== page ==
As stated in Monitoring Database Mirroring MSDN You can monitor a mirrored database during a mirroring session to verify whether and how well data is flowing. To set up and manage monitoring for one or more of the mirrored databases on a server instance, you can use either Database Mirroring Monitor or the sp_dbmmonitor system stored procedures. A ...


1

Service Broker relies on certificates which is shared between databases. No other info for the user is shared. Service Broker provides 2 distinct types of security - Dialog security — Encrypts messages in an individual dialog conversation and verifies the identities of participants in the dialog. Dialog security also provides remote authorization and ...


6

Getting the SQL from a DDL Trigger for whatever query that is dropping this Stored Procedure will only help so much. If the query is coming from Dynamic SQL from a Stored Procedure, or from a release script, or an integration test, application code, etc, then you will likely only capture the DROP PROCEDURE ... which doesn't give much of a clue as to where ...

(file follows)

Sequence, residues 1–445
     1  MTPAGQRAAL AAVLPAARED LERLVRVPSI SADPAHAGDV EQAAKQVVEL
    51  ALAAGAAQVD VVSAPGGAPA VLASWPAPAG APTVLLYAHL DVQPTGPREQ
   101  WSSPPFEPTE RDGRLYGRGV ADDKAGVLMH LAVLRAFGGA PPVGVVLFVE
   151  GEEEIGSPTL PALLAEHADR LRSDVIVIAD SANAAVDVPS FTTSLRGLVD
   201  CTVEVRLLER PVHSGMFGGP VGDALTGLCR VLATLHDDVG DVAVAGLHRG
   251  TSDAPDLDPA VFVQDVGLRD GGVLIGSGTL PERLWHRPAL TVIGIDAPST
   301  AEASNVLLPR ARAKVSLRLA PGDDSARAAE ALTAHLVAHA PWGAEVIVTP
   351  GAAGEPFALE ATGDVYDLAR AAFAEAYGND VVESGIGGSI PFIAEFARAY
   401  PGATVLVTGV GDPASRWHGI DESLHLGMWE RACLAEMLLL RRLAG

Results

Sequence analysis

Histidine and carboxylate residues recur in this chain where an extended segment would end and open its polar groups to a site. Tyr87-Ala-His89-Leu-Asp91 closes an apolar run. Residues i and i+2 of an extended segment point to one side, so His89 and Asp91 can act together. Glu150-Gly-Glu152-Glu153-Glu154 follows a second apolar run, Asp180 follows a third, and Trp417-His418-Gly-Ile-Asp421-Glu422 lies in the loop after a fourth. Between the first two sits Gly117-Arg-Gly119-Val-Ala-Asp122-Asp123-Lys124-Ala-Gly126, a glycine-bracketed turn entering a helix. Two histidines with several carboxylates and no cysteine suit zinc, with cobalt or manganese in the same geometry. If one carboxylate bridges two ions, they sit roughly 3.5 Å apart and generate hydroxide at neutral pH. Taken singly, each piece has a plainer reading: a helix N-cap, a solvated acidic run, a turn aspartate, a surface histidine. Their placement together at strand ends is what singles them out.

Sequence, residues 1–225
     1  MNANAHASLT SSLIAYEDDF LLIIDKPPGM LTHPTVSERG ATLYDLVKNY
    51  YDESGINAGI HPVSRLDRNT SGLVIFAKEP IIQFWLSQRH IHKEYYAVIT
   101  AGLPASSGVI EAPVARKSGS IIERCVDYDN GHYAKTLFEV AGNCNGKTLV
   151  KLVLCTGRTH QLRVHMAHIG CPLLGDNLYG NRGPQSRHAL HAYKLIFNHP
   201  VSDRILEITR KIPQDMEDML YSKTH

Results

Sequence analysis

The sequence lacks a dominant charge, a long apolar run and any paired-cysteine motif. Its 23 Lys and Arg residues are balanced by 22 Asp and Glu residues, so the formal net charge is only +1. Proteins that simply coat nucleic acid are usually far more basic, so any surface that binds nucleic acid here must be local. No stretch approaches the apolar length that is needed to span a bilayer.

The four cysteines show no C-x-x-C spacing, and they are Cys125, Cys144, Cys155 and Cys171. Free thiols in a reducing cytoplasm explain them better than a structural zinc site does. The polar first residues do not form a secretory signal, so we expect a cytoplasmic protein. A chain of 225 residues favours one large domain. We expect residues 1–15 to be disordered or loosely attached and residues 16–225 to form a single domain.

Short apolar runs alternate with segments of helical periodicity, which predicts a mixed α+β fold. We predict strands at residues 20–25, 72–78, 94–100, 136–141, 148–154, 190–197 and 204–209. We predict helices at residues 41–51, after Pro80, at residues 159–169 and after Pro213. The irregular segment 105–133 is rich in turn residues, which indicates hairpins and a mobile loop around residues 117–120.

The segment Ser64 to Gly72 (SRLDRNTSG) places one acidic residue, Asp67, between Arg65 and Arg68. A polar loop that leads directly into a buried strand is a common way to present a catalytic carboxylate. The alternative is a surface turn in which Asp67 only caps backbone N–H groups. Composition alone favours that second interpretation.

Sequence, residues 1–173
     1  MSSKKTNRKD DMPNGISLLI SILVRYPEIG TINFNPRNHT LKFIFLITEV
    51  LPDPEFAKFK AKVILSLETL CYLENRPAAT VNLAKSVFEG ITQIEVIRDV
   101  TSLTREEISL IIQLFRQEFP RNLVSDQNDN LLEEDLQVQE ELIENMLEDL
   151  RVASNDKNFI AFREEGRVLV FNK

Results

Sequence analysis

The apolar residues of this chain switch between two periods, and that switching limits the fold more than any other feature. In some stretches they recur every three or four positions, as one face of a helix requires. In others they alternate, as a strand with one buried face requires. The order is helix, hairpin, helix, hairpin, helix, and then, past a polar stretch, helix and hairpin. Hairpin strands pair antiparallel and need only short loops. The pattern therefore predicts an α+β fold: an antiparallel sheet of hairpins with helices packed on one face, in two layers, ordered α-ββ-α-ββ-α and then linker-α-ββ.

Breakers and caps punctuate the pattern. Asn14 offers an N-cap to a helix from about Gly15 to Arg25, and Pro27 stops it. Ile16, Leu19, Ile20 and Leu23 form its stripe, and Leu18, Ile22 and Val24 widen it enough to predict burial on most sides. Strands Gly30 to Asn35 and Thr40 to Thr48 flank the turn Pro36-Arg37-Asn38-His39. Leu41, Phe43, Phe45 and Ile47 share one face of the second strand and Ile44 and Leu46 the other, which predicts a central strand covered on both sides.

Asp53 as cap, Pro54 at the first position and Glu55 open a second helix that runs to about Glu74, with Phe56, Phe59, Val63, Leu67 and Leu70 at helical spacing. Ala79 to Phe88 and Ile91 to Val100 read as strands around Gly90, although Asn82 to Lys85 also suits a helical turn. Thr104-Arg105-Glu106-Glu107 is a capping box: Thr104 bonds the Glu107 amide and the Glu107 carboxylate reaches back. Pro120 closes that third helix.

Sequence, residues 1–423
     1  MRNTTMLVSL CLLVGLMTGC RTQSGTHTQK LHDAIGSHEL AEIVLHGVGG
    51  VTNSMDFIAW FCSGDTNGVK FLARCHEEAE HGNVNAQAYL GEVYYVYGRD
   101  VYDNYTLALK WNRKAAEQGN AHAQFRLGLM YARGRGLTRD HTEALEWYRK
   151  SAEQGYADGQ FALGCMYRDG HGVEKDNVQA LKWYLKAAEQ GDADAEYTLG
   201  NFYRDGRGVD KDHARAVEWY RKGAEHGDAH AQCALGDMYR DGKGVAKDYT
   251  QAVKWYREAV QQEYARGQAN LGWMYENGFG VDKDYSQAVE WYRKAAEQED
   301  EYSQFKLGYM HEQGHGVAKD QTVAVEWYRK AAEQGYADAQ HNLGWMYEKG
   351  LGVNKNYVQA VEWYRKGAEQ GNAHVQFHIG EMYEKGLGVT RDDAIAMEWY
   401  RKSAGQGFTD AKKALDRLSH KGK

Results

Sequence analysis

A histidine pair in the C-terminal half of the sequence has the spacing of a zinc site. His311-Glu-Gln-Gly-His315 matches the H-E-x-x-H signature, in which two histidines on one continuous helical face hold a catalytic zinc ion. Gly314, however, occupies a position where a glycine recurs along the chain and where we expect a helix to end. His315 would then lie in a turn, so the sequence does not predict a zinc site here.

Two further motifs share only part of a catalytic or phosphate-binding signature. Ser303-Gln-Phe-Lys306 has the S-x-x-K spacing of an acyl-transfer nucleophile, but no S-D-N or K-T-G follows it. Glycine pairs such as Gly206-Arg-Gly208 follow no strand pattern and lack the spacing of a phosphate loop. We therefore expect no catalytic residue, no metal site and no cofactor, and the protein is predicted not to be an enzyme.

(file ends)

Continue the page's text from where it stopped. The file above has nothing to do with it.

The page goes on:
1

You can't install UTF-8 as a character set because it's not a character set, it is an encoding. If you want to store Unicode text you use the nvarchar data type. If you want to store text encoded using UTF-8, you store it as binary data (varbinary).


1

First add Category information Get ID number against that Category using function SCOPE_IDENTITY() and save value to a variable Then use product detials and that varible to insert values in Product table . DECLARE @CategoryName VARCHAR(200), @Category_id INT SET @CategoryName='CategoryName1'; INSERT INTO Category(CategoryName) ...


1

I think this is a situation where you just need a cross apply. If you are not familiar with it, look at this link. With your data I created a table and inserted the data with this scrip CREATE TABLE school ( schoolcode VARCHAR(20) ,SchoolYear INT ,Semester INT ,Term INT ,TermEnd DATETIME2 ); INSERT INTO dbo.school ( ...


0

I agree a pivot should get you what you need, but you should be aware that the column names are going to be fixed. Something like the following should work. You could also extend this example to use dynamic column names if you use dynamic SQL. SELECT * FROM ( SELECT [from] AS [Sender] , DATENAME(DW, [date]) + N'' + ...


0